An Open Cookbook

An Open Cookbook


Roasted Red Pepper and Tomato Sauce

It is the third Wednesday of the month, which means Recipe Swap time. Christianna from Burwell General Store chooses a recipe for our swap group to look over and individually interpret a new version. This month is Tomato Pudding from Hotel Dilworth:

I had never heard of tomato pudding before this assignment and was very tempted to make a tomato pudding just to see what it was like. The fact that it was a sweetened tomato puree baked on top of diced bread was quite intriguing. So I wanted to keep with the theme of a tomato puree of sorts on top of bread. My freezer has been housing a bag of sliced Italian bread leftover from girls' cabin weekend from months ago. Every time I open the freezer, I have get a reminder they need to be used. Most of the time I think I will just toast and puree them into bread crumbs. But not anymore. They would literally be the base of the recipe.

I wanted to keep with the tomato puree idea as well. I reached into the back corner of my brain for this one. I just couldn't think of anything creative for a few days. And then for some reason I was pairing roasted tomatoes with a roasted red pepper. It is still pretty chilly here in Seattle, so a roasted vegetable puree sounded quite nice for dinner.

What better to go with roasted red pepper and tomatoes that basil and Parmesan. All of these lovely ingredients pureed together for a red pesto-like spread, atop a roasted eggplant slice and Italian bread. What else besides wine and chocolate could anyone ask for?

Roasted Red Pepper and Tomato Sauce
Yields 1 cup

Below is the recipe for the roasted red pepper and tomato sauce that is the star of the canapes pictured. I have also included the other components of the canape so you assemble them too. The sauce can also be used on pasta, crackers, as a sandwich spread, or simply eaten with a spoon like I did.

2 cup cherry tomatoes, halved
1/2 tablespoon olive oil
Salt and pepper to taste
1 medium red pepper
1 clove garlic
1/2 cup roughly chopped fresh basil
1 tablespoon fresh lemon juice
1/4 cup shredded Parmesan
1 tablespoon olive oil

Ingredients for canapes:

Italian bread, sliced
Eggplant, sliced into thin rounds
Olive oil
Salt and pepper
Parmesan cheese

Preheat oven to 450 degrees.

Toss tomatoes, 1/2 tablespoon olive oil, salt, and pepper in a medium bowl. Layer tomatoes, cut-side up, and the whole red pepper on a parchment lined baking sheet. Roast in oven for 10 minutes.

Rotate red pepper. Roast for 10 more minutes. Remove pan from oven and transfer tomatoes to the bowl of a food processor.

Turn on oven's broiler. Replace parchment if it has burned. Return red pepper to baking sheet and place in oven. Roast for an additional 10 minutes, checking on it often. It should begin to char and turn black.

Remove charred red pepper from oven and place in a plastic bag and seal. Allow red pepper to rest for a few minutes.

Carefully open bag and allow steam to escape. Remove red pepper and peel thin outer charred skin from pepper. Remove stem and seeds. Slice into four large pieces and transfer to the food processor with tomatoes. Allow to cool.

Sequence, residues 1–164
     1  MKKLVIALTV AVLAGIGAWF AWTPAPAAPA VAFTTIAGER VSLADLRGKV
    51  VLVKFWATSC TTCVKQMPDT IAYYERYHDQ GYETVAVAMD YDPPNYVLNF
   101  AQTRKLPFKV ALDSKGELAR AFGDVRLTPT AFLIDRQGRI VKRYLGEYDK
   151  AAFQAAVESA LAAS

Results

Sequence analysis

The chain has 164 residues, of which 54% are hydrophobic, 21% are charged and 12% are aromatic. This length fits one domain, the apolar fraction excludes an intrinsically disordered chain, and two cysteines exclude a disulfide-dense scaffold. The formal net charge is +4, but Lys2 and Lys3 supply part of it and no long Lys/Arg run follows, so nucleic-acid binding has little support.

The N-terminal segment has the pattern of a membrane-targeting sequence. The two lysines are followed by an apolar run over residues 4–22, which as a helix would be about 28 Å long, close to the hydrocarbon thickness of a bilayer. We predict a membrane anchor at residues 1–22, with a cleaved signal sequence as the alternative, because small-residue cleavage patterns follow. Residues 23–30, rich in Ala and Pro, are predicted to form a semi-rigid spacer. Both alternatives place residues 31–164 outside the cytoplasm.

Place garlic, basil, lemon juice, Parmesan, salt, and pepper in the food processor bowl. Puree the whole mixture until smooth. Keep food processor running and slowly pour 1 tablespoon olive oil through the feeding tube until fully incorporated. You may need to scrape sides of bowl and puree again to get a completely smooth sauce.

Toast thin slices of Italian bread. Saute eggplant slices in olive oil, salt, and pepper until lightly browned.

Assemble canapes by placing an eggplant slice on an Italian bread toast. Spoon tomato and red pepper puree on top of eggplant. Sprinkle with Parmesan cheese. Broil for a few minutes if desired.


Mary said...

This sounds delicious. These are some of our favorite flavors.

The Cozy Herbivore said...

I'm obsessed with canapes lately, and these look just lovely. A great interpretation of the original recipe.

I must admit I'm a little disappointed that no one tried it as-written, and although I was tempted to do so myself, I just knew it wasn't going to be all that delicious. These vintage recipes are hilarious, aren't they?

Alex said...

this sounds Heavenly! I could eat an entire plate! this would be great for a party

Cake Duchess said...

This looks wonderful. I never had a tomato pudding either and wasn't sure if anyone would eat it here;)Love your recipe for the swap, Alli:)

The Dusty Baker said...

That looks perfect! I almost went with the original recipe too, just to see, but it was a bit chilly in NYC too when I was working with the recipe, so a comforting version made its way into my kitchen too. This looks delicious!

Pola M said...

Love this bruschetta kind of dish! It sounds delicious!

Barbara | Creative Culinary said...

I think many of us were 'somewhat' tempted to go with the original recipe but no matter how interesting one might sound; it seems too easy, as if we MUST do something, anything different...otherwise where is the challenge? I guess the challenge would be in nor worrying if someone thought we weren't up to it huh?

These sound great and one thing I know...I'm SO ready for some tomatoes now to start trying some new dishes!

Rachel said...

What a pretty plate of delicious food you have there! I'd eat that whole plateful if it came anywhere near me. Great interpretation of the tomato pudding!

Lana said...

LOL! I also went with roasted tomatoes and red pepper, but I made soup (and grilled cheese:)
But I agree that your sauce is as simple and as delicious as it can be, with so few perfectly picked ingredients (I second your last sentence, too:)

tasteofbeirut said...

Had a similar dish recently at home and we all loved it!

Alli Shircliff said...

Can't go wrong with bread, roasted vegetables and cheese :)